Going into Whistling the Dark’s green space and reading their manifesto, which was charmingly displayed on crinkled sheets handwritten in little frames behind the box office, I was struck by two thoughts. The first was, “Remember that scene in Citizen Kane when Joseph Cotton mails Orson Welles their old declaration of principles and it’s all torn up and stuff?… Yeah…that was awesome….” And the second was, “Wow, this isn’t too far off from what Grotwoski was talking about.” In Towards a Poor Theatre he addresses a conundrum that has only grown more troublesome with time; competition with television and film.

“…the Rich Theatre tries to escape the impasse presented by movies and television. Since film and TV excel in the area of mechanical functions (montage, instantaneous change of place, etc.), the Rich Theatre countered with a blatantly compensatory call for ‘total theatre.’ The integration of borrowed mechanisms (movie screens onstage, for example) means a sophisticated technical plant, permitting great mobility and dynamism. And if the stage and/or auditorium were mobile, constantly changing perspective would be possible. This is all nonsense.” –Jerzy Grotwoski, Towards a Poor Theatre, 1965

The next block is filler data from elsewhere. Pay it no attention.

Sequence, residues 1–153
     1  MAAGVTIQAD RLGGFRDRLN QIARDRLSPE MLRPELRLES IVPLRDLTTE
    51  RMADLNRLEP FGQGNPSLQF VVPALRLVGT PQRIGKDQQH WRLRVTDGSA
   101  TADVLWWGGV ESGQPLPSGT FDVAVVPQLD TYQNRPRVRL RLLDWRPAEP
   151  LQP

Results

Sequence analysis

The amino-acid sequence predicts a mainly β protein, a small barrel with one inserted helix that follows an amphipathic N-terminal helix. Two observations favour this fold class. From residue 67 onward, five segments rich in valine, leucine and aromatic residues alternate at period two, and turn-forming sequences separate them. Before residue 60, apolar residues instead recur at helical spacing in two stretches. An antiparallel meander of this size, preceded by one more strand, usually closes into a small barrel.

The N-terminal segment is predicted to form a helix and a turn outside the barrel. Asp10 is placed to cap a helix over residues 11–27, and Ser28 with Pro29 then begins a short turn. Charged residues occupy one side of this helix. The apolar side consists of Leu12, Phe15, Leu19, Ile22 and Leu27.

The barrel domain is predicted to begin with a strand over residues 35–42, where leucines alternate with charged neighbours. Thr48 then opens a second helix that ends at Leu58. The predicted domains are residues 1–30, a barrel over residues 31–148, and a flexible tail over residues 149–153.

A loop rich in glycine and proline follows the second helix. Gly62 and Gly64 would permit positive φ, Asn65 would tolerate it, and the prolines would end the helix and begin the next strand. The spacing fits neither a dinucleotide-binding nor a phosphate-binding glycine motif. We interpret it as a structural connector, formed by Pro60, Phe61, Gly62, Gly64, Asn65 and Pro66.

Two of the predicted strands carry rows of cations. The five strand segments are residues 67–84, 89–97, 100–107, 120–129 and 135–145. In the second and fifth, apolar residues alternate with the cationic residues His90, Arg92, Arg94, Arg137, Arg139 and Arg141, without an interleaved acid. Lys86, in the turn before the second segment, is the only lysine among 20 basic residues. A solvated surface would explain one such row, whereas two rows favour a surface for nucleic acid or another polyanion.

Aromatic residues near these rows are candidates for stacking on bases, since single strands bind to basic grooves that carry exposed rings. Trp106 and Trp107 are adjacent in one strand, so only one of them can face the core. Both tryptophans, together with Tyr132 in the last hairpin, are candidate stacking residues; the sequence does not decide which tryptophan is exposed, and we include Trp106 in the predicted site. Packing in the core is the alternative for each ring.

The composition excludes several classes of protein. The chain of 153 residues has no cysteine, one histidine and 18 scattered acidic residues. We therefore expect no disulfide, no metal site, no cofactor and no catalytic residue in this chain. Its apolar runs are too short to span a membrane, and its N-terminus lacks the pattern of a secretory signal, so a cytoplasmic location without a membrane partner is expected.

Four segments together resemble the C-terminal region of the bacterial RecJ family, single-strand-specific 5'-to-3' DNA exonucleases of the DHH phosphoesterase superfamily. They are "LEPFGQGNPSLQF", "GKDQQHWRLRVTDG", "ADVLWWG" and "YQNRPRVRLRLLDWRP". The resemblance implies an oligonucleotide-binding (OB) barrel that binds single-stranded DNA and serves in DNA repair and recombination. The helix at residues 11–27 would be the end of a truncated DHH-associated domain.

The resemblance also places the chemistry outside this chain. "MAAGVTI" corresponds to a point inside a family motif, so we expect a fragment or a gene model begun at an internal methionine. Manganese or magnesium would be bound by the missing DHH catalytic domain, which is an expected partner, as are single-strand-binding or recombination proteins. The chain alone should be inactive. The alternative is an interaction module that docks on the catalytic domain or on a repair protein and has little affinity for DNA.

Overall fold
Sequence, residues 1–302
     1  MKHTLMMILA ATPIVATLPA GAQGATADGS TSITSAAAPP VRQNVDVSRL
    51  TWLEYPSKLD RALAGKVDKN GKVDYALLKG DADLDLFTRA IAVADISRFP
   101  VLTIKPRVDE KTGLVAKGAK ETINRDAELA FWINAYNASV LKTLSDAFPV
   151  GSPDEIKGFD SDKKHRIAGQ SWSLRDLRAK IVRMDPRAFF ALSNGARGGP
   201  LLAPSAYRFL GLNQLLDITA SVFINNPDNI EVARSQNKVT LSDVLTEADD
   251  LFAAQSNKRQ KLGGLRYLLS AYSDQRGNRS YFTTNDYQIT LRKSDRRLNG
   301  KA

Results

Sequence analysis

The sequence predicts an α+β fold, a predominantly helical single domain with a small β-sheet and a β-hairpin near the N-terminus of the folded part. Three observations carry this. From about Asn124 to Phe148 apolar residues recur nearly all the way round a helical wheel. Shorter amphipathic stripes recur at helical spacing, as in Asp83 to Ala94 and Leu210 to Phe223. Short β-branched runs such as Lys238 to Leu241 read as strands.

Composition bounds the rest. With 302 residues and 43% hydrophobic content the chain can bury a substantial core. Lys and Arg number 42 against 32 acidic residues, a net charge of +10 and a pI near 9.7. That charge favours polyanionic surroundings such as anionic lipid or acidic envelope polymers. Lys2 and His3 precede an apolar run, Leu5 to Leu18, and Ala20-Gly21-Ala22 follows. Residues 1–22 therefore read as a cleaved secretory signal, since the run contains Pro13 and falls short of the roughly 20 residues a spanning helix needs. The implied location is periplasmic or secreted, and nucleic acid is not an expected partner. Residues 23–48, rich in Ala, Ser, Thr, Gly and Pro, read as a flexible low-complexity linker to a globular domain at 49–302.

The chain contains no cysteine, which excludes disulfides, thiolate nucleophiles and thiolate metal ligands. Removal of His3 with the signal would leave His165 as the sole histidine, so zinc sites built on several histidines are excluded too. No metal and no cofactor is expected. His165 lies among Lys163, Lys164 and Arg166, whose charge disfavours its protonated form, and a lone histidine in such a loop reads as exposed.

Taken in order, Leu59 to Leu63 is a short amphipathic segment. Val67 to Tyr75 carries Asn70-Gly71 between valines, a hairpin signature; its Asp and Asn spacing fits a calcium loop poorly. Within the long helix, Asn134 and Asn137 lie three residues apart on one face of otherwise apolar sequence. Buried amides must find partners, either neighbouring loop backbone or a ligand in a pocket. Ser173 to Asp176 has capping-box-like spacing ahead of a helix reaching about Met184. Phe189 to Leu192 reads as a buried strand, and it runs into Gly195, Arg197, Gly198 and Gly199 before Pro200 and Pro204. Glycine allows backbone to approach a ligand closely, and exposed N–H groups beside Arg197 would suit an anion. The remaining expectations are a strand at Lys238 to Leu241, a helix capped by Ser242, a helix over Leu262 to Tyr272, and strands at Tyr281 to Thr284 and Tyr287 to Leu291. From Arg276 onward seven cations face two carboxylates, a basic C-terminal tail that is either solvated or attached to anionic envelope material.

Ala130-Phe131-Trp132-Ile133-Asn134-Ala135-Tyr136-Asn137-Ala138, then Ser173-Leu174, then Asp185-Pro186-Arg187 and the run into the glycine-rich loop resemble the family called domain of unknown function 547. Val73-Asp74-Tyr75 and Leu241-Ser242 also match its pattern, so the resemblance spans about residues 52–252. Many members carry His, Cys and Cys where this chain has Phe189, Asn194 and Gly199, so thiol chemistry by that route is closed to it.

He goes on to assert that “No matter how much theatre expands and exploits its mechanical resources, it will remain technologically inferior to film and television. Consequently, I propose poverty in theatre.” (My italics. Mine, all mine….) Check out the article, if you want to learn more about why he thinks that’s a good idea. Or better, yet, find a class. Or if you’ve studied Grotowski, call me! Let’s get together and jam sometime, man!

Look, I wish we had more money. I support public funding for the arts, not just selfishly but because I’ve seen firsthand the myriad ways in which a strong artistic presence can help our communities thrive. I’ve also seen plenty of heavily technical theatre that I thought was flat out awesome (No, shut up, I haven’t seen Wicked, but I did see a production where a whole set rose up out of the floor at rotated to face us. Righteous. Also, shut up.). That said, most of us can’t really afford to put technically amazing things on stage these days. And we’re sad about that. It’s easy to get down about it, but I propose that it’s comforting to know that by participating in a theatre that is poor out of necessity, we are also participating in part of the evolution of the craft. It’s exciting that this conversation has been happening long before we got here, and Grotowski’s physical approach to theatre is just one example of the tremendous history we have to draw on as “poor theatre artists.”